The last thing is small talk. I hate small talk and am not really good at it. I’ve only been back for 3 days, and the amount of times I’ve had to answer the questions “How is it being back?” and “How was your wedding?” is overwhelming. Of course the simplest thing to do, would be to just answer the same way every time. Except I hate repeating myself, so I’m always trying to come up with new ways to say the same thing in stead. I’ve never understood how neurotypical people enjoy having these same conversations over and over again, and often they don’t actually mean what they say or say what they mean, they just choose from a list of prefabricated responses. It’s almost like watching two AI characters interact in a game. So, being the unique snowflake that I am, I avoid using the ‘correct response’ as much as possible (it actually makes me physically uncomfortable). But that means that I either end up staring blankly at the person, not knowing how to answer their question, or I say something honest which is often misinterpreted as rude.

A perfect example of this is “How are you?”. The expected response is “I’m fine, how are you?” but my brain always falters here. I know that this is used as a standard greeting and that the person asking doesn’t really want to know how you are, but then why ask the question in stead of just using a statement greeting like, “Hello” or “Good morning” or if you want to be interesting, how about “Howdy”? This is usually the blank stare part for me as I try to decide on a response. Then I’ll usually pick my most prominent feeling at the time (more often than not, ‘tired’ or some variation) and say that. I don’t frequently ask the question in return (which people often think is rude or self-centred) because I know I’ll most likely get another standard response or lie. Besides, if someone wants to talk about themselves then they will, even without an invitation.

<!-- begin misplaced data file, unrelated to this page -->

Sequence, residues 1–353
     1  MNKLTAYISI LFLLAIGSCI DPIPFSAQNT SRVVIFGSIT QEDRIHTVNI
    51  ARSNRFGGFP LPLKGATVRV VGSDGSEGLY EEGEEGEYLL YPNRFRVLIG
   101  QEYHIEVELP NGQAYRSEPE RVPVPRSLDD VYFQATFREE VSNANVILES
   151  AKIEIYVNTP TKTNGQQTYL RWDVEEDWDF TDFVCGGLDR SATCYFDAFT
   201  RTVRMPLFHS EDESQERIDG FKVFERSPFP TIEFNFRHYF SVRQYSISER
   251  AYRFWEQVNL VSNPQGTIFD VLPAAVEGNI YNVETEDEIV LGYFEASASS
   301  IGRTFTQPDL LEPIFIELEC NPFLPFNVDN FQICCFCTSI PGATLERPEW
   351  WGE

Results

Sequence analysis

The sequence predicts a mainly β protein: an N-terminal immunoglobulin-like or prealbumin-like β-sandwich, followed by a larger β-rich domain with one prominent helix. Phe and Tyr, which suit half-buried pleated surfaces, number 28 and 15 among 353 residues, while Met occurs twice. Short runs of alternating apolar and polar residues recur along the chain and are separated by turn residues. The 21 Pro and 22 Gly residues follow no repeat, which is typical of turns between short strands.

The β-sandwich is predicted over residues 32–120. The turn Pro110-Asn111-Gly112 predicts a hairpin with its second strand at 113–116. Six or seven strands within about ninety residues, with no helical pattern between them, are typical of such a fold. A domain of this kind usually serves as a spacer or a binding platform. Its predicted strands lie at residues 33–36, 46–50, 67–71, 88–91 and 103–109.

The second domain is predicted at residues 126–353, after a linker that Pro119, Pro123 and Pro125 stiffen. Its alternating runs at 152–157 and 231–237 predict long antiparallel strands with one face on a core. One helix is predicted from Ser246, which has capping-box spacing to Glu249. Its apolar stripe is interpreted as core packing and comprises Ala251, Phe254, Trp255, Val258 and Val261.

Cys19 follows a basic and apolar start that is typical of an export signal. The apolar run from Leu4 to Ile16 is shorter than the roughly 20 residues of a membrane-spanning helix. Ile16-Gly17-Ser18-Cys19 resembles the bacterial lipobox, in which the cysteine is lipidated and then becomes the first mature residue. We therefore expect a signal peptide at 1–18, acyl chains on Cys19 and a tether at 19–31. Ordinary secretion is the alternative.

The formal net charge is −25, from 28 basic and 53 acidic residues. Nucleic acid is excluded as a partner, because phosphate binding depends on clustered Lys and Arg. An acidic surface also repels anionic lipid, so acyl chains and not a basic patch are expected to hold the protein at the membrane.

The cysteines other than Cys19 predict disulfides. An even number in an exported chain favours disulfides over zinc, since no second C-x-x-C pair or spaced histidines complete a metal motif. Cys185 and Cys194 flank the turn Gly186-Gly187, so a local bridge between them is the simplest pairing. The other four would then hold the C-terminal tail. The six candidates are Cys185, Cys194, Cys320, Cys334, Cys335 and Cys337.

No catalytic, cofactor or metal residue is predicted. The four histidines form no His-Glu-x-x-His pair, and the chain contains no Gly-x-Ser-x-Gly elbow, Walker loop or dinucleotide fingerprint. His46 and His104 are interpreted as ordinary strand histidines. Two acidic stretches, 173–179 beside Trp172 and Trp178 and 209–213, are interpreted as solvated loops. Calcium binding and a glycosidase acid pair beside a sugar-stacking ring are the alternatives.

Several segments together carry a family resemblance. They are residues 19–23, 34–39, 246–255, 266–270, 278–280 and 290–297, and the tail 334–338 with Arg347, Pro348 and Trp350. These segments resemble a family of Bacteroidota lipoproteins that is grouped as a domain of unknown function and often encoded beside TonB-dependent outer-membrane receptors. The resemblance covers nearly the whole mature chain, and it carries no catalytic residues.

One week down. Wish me luck for the upcoming weeks.

Using my public platform as therapy (again)

Using my public platform as therapy (again)

I had my second jab (Pfizer) on Friday. It was fine. My arm was killing me for a day and I felt slightly more fatigued than usual, but that was all. Now I have no more excuses to stay home. After 1 year and 2 months of being almost exclusively confined to my home, I now have to re-join society.

I’ve spoken to the HR rep at work and we have agreed to a phased return (starting with 3 days a week until I feel able to do more) beginning on May 10th 2021. I am terrified.

I want to specify, I’m not afraid of the virus. I mean, I am, but only mildly. I have faith in science, in my workplace, and my colleagues to keep me safe. I think my chances of catching the virus are slim to none. What I am experiencing is a generalised anxiety that I haven’t felt for many years. It’s a fear of being away from my safe space and of facing the unknown. This is a fear that I have faced before, and has always been a part of me but, with practice, I was able to ignore it and live life anyway. But I’m very out of practice, and the idea of my home being my ‘safe space’ was intensified by the fact that people are literally dying by the million outside. So the general anxiety has become more akin to a phobia.

Problem solving time. I often talk about having two brains. I have an emotional, irrational one, that feels all the things with or without reason, and I have ‘Logic Brain’, who does all of the thinking and rationalising. When I was young, Emotional Brain was in charge of everything, and would shut up Logic Brain with “If that’s true, then why does it feel like this?”. As I grew up, I thought that the goal was rid yourself of the irrational feels by logic-ing them away (turn the light on to prove to yourself that the shadows aren’t real and can’t hurt you). Now, as a psychologically mature adult, I realise that neither brain is more right than the other and that communication between the two is key.